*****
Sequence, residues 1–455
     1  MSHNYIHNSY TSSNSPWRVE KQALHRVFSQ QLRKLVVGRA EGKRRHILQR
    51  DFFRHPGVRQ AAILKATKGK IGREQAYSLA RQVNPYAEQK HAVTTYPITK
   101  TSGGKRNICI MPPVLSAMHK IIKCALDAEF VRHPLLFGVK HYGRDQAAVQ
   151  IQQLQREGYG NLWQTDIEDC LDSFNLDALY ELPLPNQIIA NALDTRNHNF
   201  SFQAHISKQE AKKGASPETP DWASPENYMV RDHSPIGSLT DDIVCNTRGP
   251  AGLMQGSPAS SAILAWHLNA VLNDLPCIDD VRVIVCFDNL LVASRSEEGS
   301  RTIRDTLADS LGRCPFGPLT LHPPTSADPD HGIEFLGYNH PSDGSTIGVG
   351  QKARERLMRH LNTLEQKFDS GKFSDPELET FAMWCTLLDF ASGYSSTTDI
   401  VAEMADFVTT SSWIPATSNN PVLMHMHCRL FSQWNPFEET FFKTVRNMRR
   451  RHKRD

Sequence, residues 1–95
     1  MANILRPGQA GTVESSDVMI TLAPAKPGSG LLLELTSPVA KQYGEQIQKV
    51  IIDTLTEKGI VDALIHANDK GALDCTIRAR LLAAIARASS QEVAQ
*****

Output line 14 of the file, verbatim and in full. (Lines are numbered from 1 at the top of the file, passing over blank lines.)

    51  IIDTLTEKGI VDALIHANDK GALDCTIRAR LLAAIARASS QEVAQ